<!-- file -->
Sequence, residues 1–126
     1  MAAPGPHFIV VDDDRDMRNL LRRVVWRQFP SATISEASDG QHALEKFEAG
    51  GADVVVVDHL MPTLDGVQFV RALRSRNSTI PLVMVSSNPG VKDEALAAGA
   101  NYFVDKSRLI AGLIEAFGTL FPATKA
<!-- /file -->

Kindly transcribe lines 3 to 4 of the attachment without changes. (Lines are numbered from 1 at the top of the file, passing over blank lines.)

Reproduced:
    51  GADVVVVDHL MPTLDGVQFV RALRSRNSTI PLVMVSSNPG VKDEALAAGA
   101  NYFVDKSRLI AGLIEAFGTL FPATKA